Two more posters came out later, one of which showed Cassius on the phone despite his head being bandaged while the copy emphasized “Destiny is calling.” The other was more of a theatrical one-sheet, showing Cassius from a distance as he leans against a wall while looking at something on his phone. There’s no tagline here, just a couple of positive blurbs from early reviews of the film.

The Trailers

I honestly don’t know what’s going on in the first trailer and I don’t really care. We have Cassius working menial jobs and living with Detroit before finding the keys to success in making himself sound more white on the phone and getting involved with the shady Steve. It’s a trip and a half and looks incredible. This is going to appeal to a lot of people for its whacked out attitude and clear message about what it takes to make it in the world and how much you have to sell out to celebrate.

The second trailer is similarly inscrutable, showing more or less the same level of “wow…what?” as the first, only slightly more outrageous thanks to its red-band designation. There’s so much good stuff here but if you’re looking for realism, this isn’t the place.

Online and Social

For a movie that’s so obviously presenting a heightened version of reality, the official website is pretty ordinary. There’s all the usual material like the trailers and information on the cast and crew, along with some quotes from early reviews of the movie. Up in the corner are links to the film’s Instagram, Twitter and Facebook profiles. One interesting addition is a link to a merchandise store where you can buy some of the fashion and other items featured in the movie.

Advertising and Cross-Promotions

I haven’t seen or been able to find any TV spots, which is surprising given the studio is generally giving this a sizable push. There has been some online advertising done using elements pulled from the key art.

Media and Publicity

Almost universally – unsurprising given the creative talent on both sides of the camera – the movie made critics’ “films we need to see” lists in advance of its Sundance Film Festival debut. While the subsequent buzz wasn’t universally positive, it was still well-received and was called out as one of a handful of films at the festival taking a fresh look at masculinity. Hammer spoke while there about the unusual nature of the story and the character he plays. Annapurna Pictures acquired distribution before the festival was over. Riley also was interviewed a bit, talking about how he’s always harbored aspirations of being a filmmaker, what it was like to attend Sundance and more. After that it was also screened at the SXSW Film Festival.

Riley was later announced as the recipient of the Sundance Institute’s Vanguard Award. A feature profile of the freshman filmmaker went through his whole career, the somewhat difficult process of getting the movie made, how he’s had to hustle and scrap to maintain his creative edge and lots more. He, along with members of the cast, spoke more when the movie was screened at BAMcinemafest.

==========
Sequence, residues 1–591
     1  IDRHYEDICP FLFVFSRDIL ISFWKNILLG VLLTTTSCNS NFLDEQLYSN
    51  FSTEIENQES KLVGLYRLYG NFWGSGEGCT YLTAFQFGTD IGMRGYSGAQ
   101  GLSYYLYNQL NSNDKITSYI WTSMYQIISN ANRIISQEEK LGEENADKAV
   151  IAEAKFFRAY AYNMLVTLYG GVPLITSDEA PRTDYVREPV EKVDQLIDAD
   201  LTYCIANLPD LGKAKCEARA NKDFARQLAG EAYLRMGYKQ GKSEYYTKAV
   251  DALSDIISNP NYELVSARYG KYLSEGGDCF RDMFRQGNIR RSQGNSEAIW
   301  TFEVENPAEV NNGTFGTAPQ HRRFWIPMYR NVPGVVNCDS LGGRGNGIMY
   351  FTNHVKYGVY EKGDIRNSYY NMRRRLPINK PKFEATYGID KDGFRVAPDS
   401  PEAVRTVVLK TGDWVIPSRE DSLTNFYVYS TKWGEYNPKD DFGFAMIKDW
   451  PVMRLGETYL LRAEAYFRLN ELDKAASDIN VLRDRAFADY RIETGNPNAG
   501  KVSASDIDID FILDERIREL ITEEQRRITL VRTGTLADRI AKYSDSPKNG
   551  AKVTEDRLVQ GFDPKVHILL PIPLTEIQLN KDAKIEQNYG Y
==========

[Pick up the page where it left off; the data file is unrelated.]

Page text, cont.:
A video profile introduced Riley to those unfamiliar with him and allowed the filmmaker to explain what the movie was about. He and the rest of the cast talked about the experience of filming in Oakland and more in a series of interviews like thisThere were also a few joint interviews with Stanfield and Thompson where they talked about how unusual and interesting the movie was and what attracted them to it.


If Riley was looking to come out of the gate with a strong first impression, he appears to have succeeded spectacularly. Not only has he made what looks to be a spectacularly original movie, but Annapurna has given it a campaign that is one of the most colorful and eye-catching of the year. Its vibrant personality and skewed sense of humor is front and center, making sure anyone who catches any part of the marketing is going to know exactly what kind of movie it is they can expect should they choose to visit the theater.


Writer/director Boots Riley ignited a thousand hot takes when he spoke up about the lack of international distribution for his well-received movie, citing a belief by the studio and others that “black” movies still don’t work overseas.


There isn’t usually a lot of attention paid to producers, but Nina Yang Bongiovi got a nice profile covering how she has become a force in the indie movie world and helped bring this movie to fruition.


The movie has generated a metric ton of stories such as this about code-switching and “white voice.” Annapurna Pictures leaned into that by releasing a featurette with Patton Oswalt and David Cross, who provide some of the white voices used by black characters in the film.


Star Lakeith Stanfield has engaged in a bit more media, including appearing on “Kimmel” to promote the movie.


Lakeith Stanfield received a substantial profile in The New York Times covering how he’s made a decent career to date by playing off-kilter characters.